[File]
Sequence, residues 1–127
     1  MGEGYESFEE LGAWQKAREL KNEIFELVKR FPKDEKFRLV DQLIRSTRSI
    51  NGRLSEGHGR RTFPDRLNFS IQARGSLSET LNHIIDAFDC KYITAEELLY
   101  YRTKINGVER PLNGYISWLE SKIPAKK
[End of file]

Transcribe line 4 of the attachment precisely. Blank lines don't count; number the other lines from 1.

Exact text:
   101  YRTKINGVER PLNGYISWLE SKIPAKK